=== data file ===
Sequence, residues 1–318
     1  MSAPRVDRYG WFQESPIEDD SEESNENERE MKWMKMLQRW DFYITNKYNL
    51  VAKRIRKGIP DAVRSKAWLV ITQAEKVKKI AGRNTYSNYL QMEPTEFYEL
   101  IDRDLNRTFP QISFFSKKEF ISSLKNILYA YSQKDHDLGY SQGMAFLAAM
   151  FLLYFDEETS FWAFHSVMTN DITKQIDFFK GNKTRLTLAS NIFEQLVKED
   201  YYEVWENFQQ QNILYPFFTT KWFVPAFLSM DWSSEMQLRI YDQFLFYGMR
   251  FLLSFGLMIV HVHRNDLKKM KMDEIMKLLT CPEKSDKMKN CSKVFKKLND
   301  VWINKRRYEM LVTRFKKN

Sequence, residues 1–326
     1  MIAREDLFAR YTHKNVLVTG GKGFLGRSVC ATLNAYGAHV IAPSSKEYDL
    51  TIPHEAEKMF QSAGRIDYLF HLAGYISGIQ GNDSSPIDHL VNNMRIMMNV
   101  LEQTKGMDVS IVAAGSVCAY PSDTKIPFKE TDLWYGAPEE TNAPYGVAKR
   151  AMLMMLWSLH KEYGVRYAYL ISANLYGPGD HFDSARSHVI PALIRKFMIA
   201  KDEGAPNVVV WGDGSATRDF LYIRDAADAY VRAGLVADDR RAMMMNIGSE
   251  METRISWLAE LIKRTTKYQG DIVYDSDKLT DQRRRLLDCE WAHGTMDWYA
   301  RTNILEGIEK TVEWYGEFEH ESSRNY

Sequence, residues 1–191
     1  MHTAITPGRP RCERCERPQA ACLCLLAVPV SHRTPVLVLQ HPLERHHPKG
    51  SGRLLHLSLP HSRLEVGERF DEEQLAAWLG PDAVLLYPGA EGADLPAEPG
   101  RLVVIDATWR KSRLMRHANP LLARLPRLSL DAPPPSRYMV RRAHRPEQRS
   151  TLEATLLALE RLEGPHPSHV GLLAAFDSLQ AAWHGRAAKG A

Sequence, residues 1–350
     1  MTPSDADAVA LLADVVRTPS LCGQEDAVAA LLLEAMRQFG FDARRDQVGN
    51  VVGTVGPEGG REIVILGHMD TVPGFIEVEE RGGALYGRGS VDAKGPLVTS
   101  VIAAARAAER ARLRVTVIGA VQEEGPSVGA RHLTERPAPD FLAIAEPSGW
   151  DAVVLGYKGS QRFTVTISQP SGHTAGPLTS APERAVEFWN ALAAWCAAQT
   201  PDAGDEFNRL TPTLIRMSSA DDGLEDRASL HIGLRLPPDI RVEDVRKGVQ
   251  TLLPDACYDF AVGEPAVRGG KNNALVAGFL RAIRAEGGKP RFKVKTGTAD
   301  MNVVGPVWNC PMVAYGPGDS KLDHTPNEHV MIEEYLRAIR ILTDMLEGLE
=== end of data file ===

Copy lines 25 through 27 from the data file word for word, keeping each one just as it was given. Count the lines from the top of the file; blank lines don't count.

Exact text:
   101  VIAAARAAER ARLRVTVIGA VQEEGPSVGA RHLTERPAPD FLAIAEPSGW
   151  DAVVLGYKGS QRFTVTISQP SGHTAGPLTS APERAVEFWN ALAAWCAAQT
   201  PDAGDEFNRL TPTLIRMSSA DDGLEDRASL HIGLRLPPDI RVEDVRKGVQ